Contributed by: Lothar
I'm sure many of you are worried about what use may be made of the photos in your gallery and even the posts you make.
At least for Canada and the US, there appears to be little difference in the way the law views admissibility of statements and photographs, digital or otherwise.
The main issue, as it has been for many years, is that the photographs must be authenticated by the person who took them. Either by way of a certificate / affidavit or viva voce testimony.
Lets assume the worst case scenario: you have been busted, and the cops have discovered your computer and all your (incriminating?) Overgrow pics. Are you in more trouble? Not so. Since you cannot be compelled to testify against yourself, there can be no way to verify who took the pictures, and whether or not they have been altered in any way. They are hearsay and generally not admissible as evidence.
Pictures or statements of this nature can go in as evidence if;
1) both parties agree to it.
2) you testify as to their authenticity. I doubt either of the above is likely to happen.
A lot of people get their PC's taken in a bust; however, they are usually looking for evidence of money laundering, like people running spreadsheets or keeping lists of who owes them what.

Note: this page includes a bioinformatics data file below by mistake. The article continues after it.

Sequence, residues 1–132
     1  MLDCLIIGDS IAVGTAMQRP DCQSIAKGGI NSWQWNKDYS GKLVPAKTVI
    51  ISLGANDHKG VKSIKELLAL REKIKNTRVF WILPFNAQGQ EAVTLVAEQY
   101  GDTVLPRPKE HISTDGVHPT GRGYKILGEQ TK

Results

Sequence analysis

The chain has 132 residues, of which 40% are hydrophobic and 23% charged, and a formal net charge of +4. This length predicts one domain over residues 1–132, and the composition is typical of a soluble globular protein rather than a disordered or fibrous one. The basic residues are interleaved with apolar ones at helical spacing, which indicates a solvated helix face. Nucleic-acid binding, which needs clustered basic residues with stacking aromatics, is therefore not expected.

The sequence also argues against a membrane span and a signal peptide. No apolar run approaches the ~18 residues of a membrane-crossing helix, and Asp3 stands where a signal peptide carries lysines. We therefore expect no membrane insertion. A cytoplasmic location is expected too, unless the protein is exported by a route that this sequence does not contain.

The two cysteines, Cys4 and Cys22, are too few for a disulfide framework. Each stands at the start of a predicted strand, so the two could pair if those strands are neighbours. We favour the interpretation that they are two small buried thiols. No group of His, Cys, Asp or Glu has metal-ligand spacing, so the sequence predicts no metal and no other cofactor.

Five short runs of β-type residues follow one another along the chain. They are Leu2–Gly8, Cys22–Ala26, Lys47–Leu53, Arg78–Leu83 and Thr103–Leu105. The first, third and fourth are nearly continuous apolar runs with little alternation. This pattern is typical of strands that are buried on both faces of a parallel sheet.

In any event, the posts that you make concerning your pictures and grow are hearsay also, since they also must be verified as authentic by the original poster. The cop on the stand would have to say, "Well, the information (which I can't verify hasn't been altered by a third party) on an OG Member's computer (which I can't verify that he actually personally posted) tells me that he (may have) said that these pictures (which I can't verify have not been altered) are his...."
Hearsay. Not admissible.
Keep yourself and your personal details out of your photos & posts for the sake of prudence, as these things may be used to inspire an investigation should you be recognized, but not as evidence against you in a trial proper.
[Editors note: Digital cameras label their image files, often with a unique manufacturer code and time stamp in the file name. Example: FG_300_120312.jpg Members should rename their digital camera files to make the images anonymous, and ensure their images are not traceable to your camera.]